+  @{text "\<turnstile> (\<And>x. f x \<equiv> g x) \<Longrightarrow> f \<equiv> g"} & extensionality \\
+  @{text "\<turnstile> (A \<Longrightarrow> B) \<Longrightarrow> (B \<Longrightarrow> A) \<Longrightarrow> A \<equiv> B"} & coincidence with equivalence \\
+  \end{tabular}
+  \caption{Conceptual axiomatization of builtin equality}\label{fig:pure-equality}
\end{center}
\end{figure}

@@ -461,26 +492,35 @@
"\<Longrightarrow>"} are analogous to formation of (dependently typed) @{text
"\<lambda>"}-terms representing the underlying proof objects.  Proof terms
are \emph{irrelevant} in the Pure logic, they may never occur within
-  propositions, i.e.\ the @{text "\<Longrightarrow>"} arrow of the framework is a
-  non-dependent one.
+  propositions, i.e.\ the @{text "\<Longrightarrow>"} arrow is non-dependent.  The
+  system provides a runtime option to record explicit proof terms for
+  primitive inferences, cf.\ \cite{Berghofer-Nipkow:2000:TPHOL}.  Thus
+  the three-fold @{text "\<lambda>"}-structure can be made explicit.

-  Also note that fixed parameters as in @{text "\<And>_intro"} need not be
-  recorded in the context @{text "\<Gamma>"}, since syntactic types are
-  always inhabitable.  An assumption'' @{text "x :: \<tau>"} is logically
-  vacuous, because @{text "\<tau>"} is always non-empty.  This is the deeper
-  reason why @{text "\<Gamma>"} only consists of hypothetical proofs, but no
-  hypothetical terms.
+  Observe that locally fixed parameters (as used in rule @{text
+  "\<And>_intro"}) need not be recorded in the hypotheses, because the
+  simple syntactic types of Pure are always inhabitable.  The typing
+  assumption'' @{text "x :: \<tau>"} is logically vacuous, it disappears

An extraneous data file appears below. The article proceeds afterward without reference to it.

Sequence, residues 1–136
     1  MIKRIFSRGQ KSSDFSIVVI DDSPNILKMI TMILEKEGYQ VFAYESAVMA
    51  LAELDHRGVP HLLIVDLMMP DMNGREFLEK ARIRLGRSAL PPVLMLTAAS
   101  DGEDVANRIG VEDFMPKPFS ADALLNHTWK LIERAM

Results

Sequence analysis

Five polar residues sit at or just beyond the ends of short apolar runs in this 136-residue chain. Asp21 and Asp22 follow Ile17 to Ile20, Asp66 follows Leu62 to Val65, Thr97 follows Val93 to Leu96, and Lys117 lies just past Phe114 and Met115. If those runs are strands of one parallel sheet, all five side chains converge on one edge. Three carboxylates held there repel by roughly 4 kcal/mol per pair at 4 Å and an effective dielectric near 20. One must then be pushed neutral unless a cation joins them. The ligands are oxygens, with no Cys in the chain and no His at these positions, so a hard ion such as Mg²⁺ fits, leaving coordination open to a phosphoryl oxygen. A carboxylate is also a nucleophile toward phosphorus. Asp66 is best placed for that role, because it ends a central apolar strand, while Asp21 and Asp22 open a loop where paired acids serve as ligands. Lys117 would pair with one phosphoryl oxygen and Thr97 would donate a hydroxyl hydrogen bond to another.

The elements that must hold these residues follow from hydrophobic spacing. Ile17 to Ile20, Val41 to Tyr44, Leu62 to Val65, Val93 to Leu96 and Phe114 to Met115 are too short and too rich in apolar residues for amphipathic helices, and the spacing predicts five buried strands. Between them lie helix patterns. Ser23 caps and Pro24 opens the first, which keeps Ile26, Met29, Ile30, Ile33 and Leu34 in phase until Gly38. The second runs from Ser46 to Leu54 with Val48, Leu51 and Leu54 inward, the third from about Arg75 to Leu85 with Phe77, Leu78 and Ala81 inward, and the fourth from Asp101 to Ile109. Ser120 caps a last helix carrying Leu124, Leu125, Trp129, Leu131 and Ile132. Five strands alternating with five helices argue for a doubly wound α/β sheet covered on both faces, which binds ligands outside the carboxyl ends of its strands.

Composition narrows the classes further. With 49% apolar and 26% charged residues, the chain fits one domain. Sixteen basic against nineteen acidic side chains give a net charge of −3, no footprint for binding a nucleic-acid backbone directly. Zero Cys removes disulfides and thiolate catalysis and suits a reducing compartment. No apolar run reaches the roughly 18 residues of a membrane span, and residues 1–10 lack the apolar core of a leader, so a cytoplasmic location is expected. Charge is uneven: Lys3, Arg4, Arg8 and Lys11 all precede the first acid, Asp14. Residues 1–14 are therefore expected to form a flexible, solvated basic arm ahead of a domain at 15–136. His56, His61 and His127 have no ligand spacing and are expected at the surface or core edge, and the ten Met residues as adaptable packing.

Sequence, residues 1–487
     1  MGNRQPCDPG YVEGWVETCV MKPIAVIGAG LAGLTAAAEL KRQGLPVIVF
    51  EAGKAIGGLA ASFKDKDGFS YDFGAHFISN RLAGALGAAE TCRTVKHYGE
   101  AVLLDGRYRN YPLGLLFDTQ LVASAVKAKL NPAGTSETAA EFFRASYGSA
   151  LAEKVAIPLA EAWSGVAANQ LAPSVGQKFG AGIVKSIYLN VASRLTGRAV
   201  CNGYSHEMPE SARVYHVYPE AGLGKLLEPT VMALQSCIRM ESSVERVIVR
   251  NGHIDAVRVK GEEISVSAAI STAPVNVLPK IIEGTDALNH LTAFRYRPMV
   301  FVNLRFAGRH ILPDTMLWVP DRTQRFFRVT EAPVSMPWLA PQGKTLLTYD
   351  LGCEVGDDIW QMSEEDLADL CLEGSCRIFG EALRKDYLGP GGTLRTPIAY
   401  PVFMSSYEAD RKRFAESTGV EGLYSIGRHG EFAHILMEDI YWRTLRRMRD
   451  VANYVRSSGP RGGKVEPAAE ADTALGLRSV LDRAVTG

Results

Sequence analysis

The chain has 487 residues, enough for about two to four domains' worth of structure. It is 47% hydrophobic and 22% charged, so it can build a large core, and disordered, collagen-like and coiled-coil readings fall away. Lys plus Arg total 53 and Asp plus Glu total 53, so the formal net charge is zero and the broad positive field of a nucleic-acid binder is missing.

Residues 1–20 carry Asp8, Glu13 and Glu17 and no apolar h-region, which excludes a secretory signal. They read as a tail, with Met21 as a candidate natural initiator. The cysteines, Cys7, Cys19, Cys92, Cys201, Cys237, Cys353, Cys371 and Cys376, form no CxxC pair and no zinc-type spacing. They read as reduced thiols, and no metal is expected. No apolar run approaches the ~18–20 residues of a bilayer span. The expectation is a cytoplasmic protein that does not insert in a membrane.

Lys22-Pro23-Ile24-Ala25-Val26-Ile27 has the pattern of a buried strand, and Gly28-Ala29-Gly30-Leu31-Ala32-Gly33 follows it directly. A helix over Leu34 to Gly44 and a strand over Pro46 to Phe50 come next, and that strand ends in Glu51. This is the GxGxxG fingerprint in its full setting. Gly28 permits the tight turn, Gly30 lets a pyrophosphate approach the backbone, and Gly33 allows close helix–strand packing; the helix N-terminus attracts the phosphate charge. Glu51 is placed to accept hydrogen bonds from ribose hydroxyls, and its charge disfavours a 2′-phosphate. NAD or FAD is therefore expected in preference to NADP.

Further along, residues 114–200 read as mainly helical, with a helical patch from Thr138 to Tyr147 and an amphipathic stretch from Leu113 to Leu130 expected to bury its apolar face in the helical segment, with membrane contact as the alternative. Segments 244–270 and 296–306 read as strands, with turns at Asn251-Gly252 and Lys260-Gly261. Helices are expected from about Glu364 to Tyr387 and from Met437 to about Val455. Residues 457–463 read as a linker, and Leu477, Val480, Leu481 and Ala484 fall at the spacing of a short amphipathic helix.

+  automatically whenever the statement body ceases to mention variable
+  @{text "x\<^isub>\<tau>"}.\footnote{This greatly simplifies many basic
+  reasoning steps, and is the key difference to the formulation of
+  this logic as @{text "\<lambda>HOL"}'' in the PTS framework
+  \cite{Barendregt-Geuvers:2001}.}

-  The corresponding proof terms are left implicit in the classic
-  LCF-approach'', although they could be exploited separately
-  \cite{Berghofer-Nipkow:2000}.  The implementation provides a runtime
-  option to control the generation of full proof terms.
+  \medskip FIXME @{text "\<alpha>\<beta>\<eta>"}-equivalence and primitive definitions
+
+  Since the basic representation of terms already accounts for @{text
+  "\<alpha>"}-conversion, Pure equality essentially acts like @{text
+  "\<alpha>\<beta>\<eta>"}-equivalence on terms, while coinciding with bi-implication.

\medskip The axiomatization of a theory is implicitly closed by
forming all instances of type and term variables: @{text "\<turnstile> A\<vartheta>"} for
any substitution instance of axiom @{text "\<turnstile> A"}.  By pushing
substitution through derivations inductively, we get admissible
substitution rules for theorems shown in \figref{fig:subst-rules}.
+  Alternatively, the term substitution rules could be derived from
+  @{text "\<And>_intro/elim"}.  The versions for types are genuine
+  admissible rules, due to the lack of true polymorphism in the logic.

\begin{figure}[htb]
\begin{center}
@@ -498,58 +538,105 @@
\end{center}
\end{figure}

-  Note that @{text "instantiate_term"} could be derived using @{text
-  "\<And>_intro/elim"}, but this is not how it is implemented.  The type
-  instantiation rule is a genuine admissible one, due to the lack of
-  true polymorphism in the logic.
-
Since @{text "\<Gamma>"} may never contain any schematic variables, the
@{text "instantiate"} do not require an explicit side-condition.  In
principle, variables could be substituted in hypotheses as well, but
this could disrupt monotonicity of the basic calculus: derivations
could leave the current proof context.
+*}

-  \medskip The framework also provides builtin equality @{text "\<equiv>"},
-  which is conceptually axiomatized shown in \figref{fig:equality},
-  although the implementation provides derived rules directly:
+text %mlref {*
+  \begin{mldecls}
+  @{index_ML_type ctyp} \\
+  @{index_ML_type cterm} \\
+  @{index_ML_type thm} \\
+  \end{mldecls}
+
+  \begin{description}
+
+  \item @{ML_type ctyp} FIXME
+
+  \item @{ML_type cterm} FIXME
+
+  \item @{ML_type thm} FIXME
+
+  \end{description}
+*}
+
+
+subsection {* Auxiliary connectives *}
+
+text {*
+  Pure also provides various auxiliary connectives based on primitive
+  definitions, see \figref{fig:pure-aux}.  These are normally not
+  exposed to the user, but appear in internal encodings only.

\begin{figure}[htb]
\begin{center}
\begin{tabular}{ll}
-  @{text "\<equiv> :: \<alpha> \<Rightarrow> \<alpha> \<Rightarrow> prop"} & equality relation (infix) \\